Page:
The video, posted to YouTube in September, was innocuous enough. Part of a regularly updated series, it showed two young girls, seemingly about nine years old, practicing gymnastics. The 10-minute clip, filmed by an adult, was the kind of low-fidelity, homemade footage that YouTube was built on.
But many of the comments below the video, which received more than 140,000 views, were disturbing: several chimed in to say the girls were “beautiful.” About a month ago, a comment was posted asking for likes if viewers had an erection — a comment that 19 people responded to with a thumbs-up. Other commenters described sex acts. Last week, a comment left in Spanish provided a WhatsApp number, saying they had videos to share. One commenter claimed the video had appeared on a child pornography site, and another asked why no one was deleting the “sicko” comments on the page. (The video description provided a PO box, as well as an email address for “business” enquiries, but a request to speak has gone unanswered.)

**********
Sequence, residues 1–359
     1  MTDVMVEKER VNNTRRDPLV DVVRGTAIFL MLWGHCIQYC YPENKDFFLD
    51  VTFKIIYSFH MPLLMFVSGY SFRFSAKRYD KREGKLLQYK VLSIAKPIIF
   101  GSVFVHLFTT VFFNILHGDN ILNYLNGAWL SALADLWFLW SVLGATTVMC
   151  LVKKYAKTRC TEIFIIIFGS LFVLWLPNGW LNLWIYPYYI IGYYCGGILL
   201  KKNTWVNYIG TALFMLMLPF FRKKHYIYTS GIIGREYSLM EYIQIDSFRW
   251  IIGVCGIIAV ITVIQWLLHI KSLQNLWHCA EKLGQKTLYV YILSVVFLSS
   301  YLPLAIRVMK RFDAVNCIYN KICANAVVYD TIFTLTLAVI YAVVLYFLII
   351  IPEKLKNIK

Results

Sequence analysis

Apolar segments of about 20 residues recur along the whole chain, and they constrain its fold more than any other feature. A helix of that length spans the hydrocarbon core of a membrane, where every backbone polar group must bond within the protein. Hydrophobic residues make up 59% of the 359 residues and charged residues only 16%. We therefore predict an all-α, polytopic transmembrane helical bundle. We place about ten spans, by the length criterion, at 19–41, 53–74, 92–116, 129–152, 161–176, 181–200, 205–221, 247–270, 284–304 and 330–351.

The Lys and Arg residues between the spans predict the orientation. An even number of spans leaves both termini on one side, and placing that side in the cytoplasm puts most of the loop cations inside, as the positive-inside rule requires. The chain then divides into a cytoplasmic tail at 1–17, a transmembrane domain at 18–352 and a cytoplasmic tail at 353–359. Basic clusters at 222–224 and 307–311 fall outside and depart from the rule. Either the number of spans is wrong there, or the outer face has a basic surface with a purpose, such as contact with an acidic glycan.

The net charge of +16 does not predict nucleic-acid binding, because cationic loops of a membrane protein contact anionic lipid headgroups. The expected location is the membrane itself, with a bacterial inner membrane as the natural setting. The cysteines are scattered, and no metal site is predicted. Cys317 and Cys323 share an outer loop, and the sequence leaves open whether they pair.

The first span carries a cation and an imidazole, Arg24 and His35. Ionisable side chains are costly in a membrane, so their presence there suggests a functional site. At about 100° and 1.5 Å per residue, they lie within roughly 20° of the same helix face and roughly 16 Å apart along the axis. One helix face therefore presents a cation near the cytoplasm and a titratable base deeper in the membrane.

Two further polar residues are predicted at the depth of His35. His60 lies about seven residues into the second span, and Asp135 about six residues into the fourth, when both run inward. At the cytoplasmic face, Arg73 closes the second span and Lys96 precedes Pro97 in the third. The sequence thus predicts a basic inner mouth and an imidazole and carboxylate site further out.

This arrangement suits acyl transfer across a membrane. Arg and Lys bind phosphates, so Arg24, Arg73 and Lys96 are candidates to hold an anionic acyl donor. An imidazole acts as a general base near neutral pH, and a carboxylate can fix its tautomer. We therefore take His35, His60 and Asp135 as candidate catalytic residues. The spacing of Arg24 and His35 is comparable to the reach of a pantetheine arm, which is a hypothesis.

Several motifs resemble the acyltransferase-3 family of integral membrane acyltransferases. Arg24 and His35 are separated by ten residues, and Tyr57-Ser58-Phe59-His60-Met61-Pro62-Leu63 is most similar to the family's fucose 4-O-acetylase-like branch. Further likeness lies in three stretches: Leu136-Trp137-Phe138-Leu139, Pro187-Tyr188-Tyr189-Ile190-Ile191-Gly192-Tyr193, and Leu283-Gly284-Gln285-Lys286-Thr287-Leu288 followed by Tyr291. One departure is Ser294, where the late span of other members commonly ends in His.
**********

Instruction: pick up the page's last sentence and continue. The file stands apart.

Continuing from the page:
YouTube is still dealing with criticism after a series of bizarre videos apparently targeting child viewers were unearthed. The company said last week that it was working on a new policy that would help age-restrict those videos. But that problem is only one aspect of YouTube’s fraught relationship with kids